In the beginning was the Word (Logos). The Word was close beside God, and the Word was God.  In the beginning, he was close beside God. All things came into existence through him; not one thing that exists came into existence without him….He was in the world, and the world accept him. He came to what was his own, and his own people did not accept him. But to anyone who did accept him, he gave the right to become God’s children; yes, to anyone who believed in his name….And the Word became flesh, and lived among us. We gazed upon his glory, glory like that of the father’s only son, full of grace and truth. (Jn 1:1-3,10-12,14)

The Greek word Logos had profound implications in the philosophy of a group known as Stoics. Logos was part of the triadic division of Stoic thought known as logic. “In Stoic tradition Logos is both divine reason and reason distributed in the world (and thus in the mind).” John uses this launching point to tell a narrative which aims to exclaim, “Here is Jesus, the pre-existent wisdom of God, who has come in human flesh to die and be raised again to life so that all might believe and live.” N. T. Wright accurately sums up early Christology this way, “The basic Jewish answer to the question, How is the creator active within creation, was, as we saw, to develop varieties of language that spoke of Wisdom, Torah, Spirit and Shekinah….The early Christians developed exactly the same ideas, transposing them again and again into language about Jesus and the divine spirit.”[12]

The Trinity

The major difficulty in studying the Incarnation, is that it requires studying Jesus Christ. “The study of the person of Christ is one of the most complicated and intricate studies that can be undertaken by a biblical theologian.”[13] Every other Christian doctrine is dependent upon the nature of Jesus Christ in both his preincarnate and incarnate forms. It is, therefore, a complete necessity that any study of the incarnation begins with a brief discussion of the doctrine of the Trinity. While this cannot be a full discourse, a quick survey will suffice for the purposes of this essay.

As has been demonstrated, the Church from very early on had an exalted view of Jesus.  However, as a sub sect of Judaism, Christianity maintained the monotheistic view of God. This was a problematic view especially since the teachings of Jesus, himself seemed to indicate a multiplicity about God. This is especially clear in Jesus’s teaching on baptism, where he commands, “So you must go and make all the nations into disciples. Baptize them in the name of the father, and of the son, and of the holy spirit” (Matt 28:19). At least as early as 250 AD the trinitarian doctrine had been taught. The Athanasian Creed states, “There is therefore a trinity, or trine, or triunity, in the Lord—the Divine itself, which is called the Father, the Divine human which is called the Son, and the proceeding Divine which is called the Holy Spirit.”[14] The early Church fathers were faced with the challenge of reconciling the multiplicity that seemed inherent within Jesus’s teaching and the singleness of monotheism.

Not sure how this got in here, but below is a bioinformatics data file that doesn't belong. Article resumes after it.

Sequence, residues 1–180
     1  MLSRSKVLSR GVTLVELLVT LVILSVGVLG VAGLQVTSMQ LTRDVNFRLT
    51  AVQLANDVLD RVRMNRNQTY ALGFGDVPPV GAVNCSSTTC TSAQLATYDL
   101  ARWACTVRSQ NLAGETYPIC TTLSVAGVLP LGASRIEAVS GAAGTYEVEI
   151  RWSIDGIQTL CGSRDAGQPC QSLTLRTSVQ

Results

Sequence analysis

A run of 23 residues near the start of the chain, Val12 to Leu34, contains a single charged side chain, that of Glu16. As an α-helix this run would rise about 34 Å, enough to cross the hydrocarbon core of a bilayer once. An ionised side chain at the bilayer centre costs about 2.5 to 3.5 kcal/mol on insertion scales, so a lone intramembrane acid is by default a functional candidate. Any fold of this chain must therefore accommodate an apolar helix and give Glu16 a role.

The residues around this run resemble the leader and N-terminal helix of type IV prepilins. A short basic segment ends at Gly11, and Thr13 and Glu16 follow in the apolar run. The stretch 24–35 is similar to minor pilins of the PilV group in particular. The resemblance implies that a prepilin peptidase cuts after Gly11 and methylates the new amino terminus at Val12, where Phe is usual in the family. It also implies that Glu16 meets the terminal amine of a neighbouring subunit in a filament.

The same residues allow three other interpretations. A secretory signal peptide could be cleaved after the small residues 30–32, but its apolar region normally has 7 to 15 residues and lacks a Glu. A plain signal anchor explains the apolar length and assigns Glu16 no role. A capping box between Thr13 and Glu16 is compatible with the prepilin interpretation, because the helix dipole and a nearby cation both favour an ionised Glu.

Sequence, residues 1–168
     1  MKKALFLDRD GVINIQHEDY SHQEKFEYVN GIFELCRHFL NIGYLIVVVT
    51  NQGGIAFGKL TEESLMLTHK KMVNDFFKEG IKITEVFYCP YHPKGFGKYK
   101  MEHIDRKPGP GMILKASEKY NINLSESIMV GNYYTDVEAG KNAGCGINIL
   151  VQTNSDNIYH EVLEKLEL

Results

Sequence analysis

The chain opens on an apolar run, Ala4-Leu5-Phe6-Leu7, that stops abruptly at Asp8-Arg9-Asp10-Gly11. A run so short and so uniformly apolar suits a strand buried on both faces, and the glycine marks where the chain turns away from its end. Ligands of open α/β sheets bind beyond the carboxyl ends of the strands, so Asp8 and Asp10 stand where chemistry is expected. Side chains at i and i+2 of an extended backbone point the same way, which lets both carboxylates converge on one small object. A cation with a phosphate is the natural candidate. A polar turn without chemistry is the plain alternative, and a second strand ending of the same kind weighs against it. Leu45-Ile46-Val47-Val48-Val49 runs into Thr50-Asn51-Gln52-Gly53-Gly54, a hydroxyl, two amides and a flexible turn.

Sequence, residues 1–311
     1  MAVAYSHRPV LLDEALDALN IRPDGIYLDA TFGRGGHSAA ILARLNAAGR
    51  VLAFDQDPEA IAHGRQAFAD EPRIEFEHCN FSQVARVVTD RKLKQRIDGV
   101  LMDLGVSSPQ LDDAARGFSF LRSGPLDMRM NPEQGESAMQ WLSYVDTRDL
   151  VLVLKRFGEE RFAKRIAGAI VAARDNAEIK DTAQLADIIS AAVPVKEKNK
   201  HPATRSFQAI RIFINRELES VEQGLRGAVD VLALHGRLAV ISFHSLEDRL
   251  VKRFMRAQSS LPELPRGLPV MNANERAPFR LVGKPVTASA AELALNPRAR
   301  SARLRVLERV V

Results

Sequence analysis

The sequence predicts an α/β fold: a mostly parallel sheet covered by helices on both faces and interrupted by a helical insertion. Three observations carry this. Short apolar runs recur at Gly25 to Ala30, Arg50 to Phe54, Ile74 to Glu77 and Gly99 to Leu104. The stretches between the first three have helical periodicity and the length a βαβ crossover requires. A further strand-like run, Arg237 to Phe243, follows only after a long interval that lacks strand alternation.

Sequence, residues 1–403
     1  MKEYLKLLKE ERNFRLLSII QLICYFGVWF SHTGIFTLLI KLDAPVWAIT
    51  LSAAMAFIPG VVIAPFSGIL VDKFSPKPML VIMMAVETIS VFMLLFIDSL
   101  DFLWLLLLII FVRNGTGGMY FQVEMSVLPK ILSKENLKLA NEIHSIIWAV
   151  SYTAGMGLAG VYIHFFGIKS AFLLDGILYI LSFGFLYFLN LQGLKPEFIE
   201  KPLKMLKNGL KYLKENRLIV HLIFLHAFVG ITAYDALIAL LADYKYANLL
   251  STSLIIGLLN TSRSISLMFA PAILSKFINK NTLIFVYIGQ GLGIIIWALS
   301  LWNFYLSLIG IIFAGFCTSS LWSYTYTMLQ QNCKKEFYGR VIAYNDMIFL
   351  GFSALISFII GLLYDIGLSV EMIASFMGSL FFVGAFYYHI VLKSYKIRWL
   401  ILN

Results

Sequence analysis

One of the first theologies posited which attempted to reconcile this seemingly contradictory position was Modalism (also known as Sabellianism or Patripassian Monarchianism). Modalism chief position was that “the Trinity was three manifestations of the same God.”[15] Two of the most prominent proponents of this theology were Praxeas and Noetus.

Concerning Praxeas, there is not much historical evidence. However, the early Church Father Tertullian wrote a lengthy treatise called Adversus Praxean, “which has become an important work of Western Theology on the Trinity before the time of Augustine.”[16] Praxeas seems to have been concerned about maintaining the unity of God. According to Tertullian, Praxeas says, “that the Father Himself came down into the Virgin, was Himself born of her, Himself suffered, indeed was Himself Jesus Christ.”[17] Tertullian attacks this position by criticizing the implication of the Father dying on the cross. He writes:

 “Nay, but you do blaspheme; because you allege not only that the Father died, but that He died the death of the cross. For “cursed are they which are hanged on a tree,”—a curse which, after the law, is compatible to the Son (inasmuch as “Christ has been made a curse for us,” but certainly not the Father); since, however, you convert Christ into the Father, you are chargeable with blasphemy against the Father. But when we assert that Christ was crucified, we do not malign Him with a curse; we only reaffirm the curse pronounced by the law: nor indeed did the apostle utter blasphemy when he said the same thing as we.”[18]

Another defender of Modalism was Noetus. Noetus taught the following: “When, indeed, at the time when the Father was not yet born, He was justly styled the Father; and when it pleased Him to undergo generation and be begotten, He, himself, became His own Son, not another’s.”[19]

Hippolytus strongly attacked Noetus for what he saw as heretical error. Noetus best known argument is his interpretation of Jesus’s “I and the Father are one.” Hippolytus argued that the verb “are” implies a distinction. He suggested that if no distinction were intended Jesus would have used the verb “am.”[20] Again, the distinction of the persons within the Trinity were successfully differentiated.

This differentiation, in time, would result in another teaching. This time it would be Origen. Origen would suggest a graded view of the trinity. His approach would be two offer a three-tier view that the Father, Son, and Holy Spirit were all God, but God existing at three different levels. Therefore, the Holy Spirit is lesser than the Son; the Son is lesser than the Father.[21]